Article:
Before MTV began broadcasting musicians in living color within elaborately choreographed music videos, all consumers had was album art. Anyone who loved album art growing up remembers how exciting it was to open any two-fold set to find the unexpected surprises that came when the gatefold was laid flat, such as posters or lyric sheets.

That was an invention of Mr. Berg. The first was Bob Dylan’s “Blonde on Blonde,” in which the two-record set’s sleeve opened up to expose a vertical photo of Dylan. It was a move that cemented Mr. Berg’s career as a titan of art direction.

His chiseled style encompassed a sophisticated use of typography that was well before its time, and photos cropped in unexpected ways that exuded flirtatious humor and even iconoclastic appeal. “Bob Dylan’s Greatest Hits,” for example, displays an extreme closeup of the musician’s profile, a now-legendary halo circling the musician’s wiry hair, created with backlighting.

And “Chicago X” featured the band’s famous logo—which Mr. Berg also helped design, with a sly nod to the Coca-Cola logo—molded into a ripped open chocolate bar, the album framed by the tin wrapping.

Whether it was Chicago or Vivaldi, Mr. Berg would listen to the album first, and then build a concept from the music into a memorable story, Ms. Godfrey said.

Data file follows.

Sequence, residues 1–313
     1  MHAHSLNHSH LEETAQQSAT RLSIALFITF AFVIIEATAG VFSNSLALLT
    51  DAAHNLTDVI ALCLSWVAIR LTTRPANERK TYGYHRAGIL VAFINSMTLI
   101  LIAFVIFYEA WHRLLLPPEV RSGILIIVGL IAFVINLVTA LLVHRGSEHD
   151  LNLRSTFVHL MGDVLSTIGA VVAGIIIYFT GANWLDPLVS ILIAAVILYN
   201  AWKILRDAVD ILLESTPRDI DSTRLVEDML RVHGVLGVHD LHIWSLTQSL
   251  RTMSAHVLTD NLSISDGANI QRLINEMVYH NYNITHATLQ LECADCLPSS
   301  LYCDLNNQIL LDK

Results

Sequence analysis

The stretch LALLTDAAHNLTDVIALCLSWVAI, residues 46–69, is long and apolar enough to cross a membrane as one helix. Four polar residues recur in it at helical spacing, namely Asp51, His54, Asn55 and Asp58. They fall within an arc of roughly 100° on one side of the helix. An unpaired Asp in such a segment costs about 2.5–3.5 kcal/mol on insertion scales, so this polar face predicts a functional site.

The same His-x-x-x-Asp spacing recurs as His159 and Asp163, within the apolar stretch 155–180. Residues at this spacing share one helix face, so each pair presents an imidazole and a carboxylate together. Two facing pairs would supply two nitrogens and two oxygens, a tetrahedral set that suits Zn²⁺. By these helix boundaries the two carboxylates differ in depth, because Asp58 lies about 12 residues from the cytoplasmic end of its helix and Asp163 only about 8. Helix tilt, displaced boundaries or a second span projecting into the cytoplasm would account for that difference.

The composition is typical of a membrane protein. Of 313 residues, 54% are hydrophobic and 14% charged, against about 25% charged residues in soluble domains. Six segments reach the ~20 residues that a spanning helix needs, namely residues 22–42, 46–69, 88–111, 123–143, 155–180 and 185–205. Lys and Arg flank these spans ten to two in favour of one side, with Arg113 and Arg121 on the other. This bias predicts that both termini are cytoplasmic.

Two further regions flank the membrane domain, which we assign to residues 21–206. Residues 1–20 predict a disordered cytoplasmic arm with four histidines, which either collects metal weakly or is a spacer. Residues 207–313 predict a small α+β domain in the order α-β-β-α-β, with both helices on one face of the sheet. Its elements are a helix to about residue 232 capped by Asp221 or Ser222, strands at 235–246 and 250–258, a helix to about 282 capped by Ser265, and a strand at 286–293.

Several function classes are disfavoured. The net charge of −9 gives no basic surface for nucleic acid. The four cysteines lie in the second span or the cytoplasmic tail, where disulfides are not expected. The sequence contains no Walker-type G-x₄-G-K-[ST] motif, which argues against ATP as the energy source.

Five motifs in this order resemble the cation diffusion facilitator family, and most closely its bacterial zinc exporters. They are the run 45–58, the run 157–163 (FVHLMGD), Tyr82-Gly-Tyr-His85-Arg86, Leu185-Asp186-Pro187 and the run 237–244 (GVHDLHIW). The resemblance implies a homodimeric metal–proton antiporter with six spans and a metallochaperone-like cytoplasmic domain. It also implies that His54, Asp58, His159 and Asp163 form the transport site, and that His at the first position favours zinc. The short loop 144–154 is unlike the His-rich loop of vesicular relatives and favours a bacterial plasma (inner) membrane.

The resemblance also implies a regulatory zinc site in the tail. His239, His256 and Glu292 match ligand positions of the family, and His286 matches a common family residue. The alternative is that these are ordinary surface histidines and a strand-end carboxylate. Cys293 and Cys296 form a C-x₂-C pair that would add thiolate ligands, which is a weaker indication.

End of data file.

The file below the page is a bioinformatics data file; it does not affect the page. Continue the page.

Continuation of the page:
“John just wanted to engage the viewer in seeing something cool and interesting,” Ms. Godfrey said. “For instance, the Grammy Award cover for Thelonious Monk’s ‘Underground,’ John wondered how to design the word ‘underground.’ He asked, ‘Do I put Thelonious in a subway? What about the Underground Railroad, so we think of slavery?’ He finally decided on the French Resistance, with Monk as part of the revolution.

“Back then, it was a big production,” she continued. “There was no Photoshop or Illustrator. They had to build an incredible set for that cover with chickens and cows. It was a massive operation and on location.”

Doug Kuntz first met Mr. Berg in the early 1980s—“pre-D,” as in “pre-Durell,” as he says—and offered the burgeoning photographer a job in Manhattan. “He was one of my best f------ friends,” he said, before reminiscing about the gig: “He sends me to work with a famous guy who was making a Tampax commercial, and it was in two parts. The first shoot was of a gorgeous woman walking around the fountain at the Plaza. The second part of the ad was the same woman, but this time she walks into a pharmacy on 78th Street. It’s got a counter in it. She slams her fist on the counter like it’s a bar—and the caption says, ‘Make mine a double.’

“That was a Thursday. On Sunday, there’s this huge story above the fold about toxic shock syndrome, that tampons are killing women. I quit working with John’s people on that day. But John and I stayed great friends.”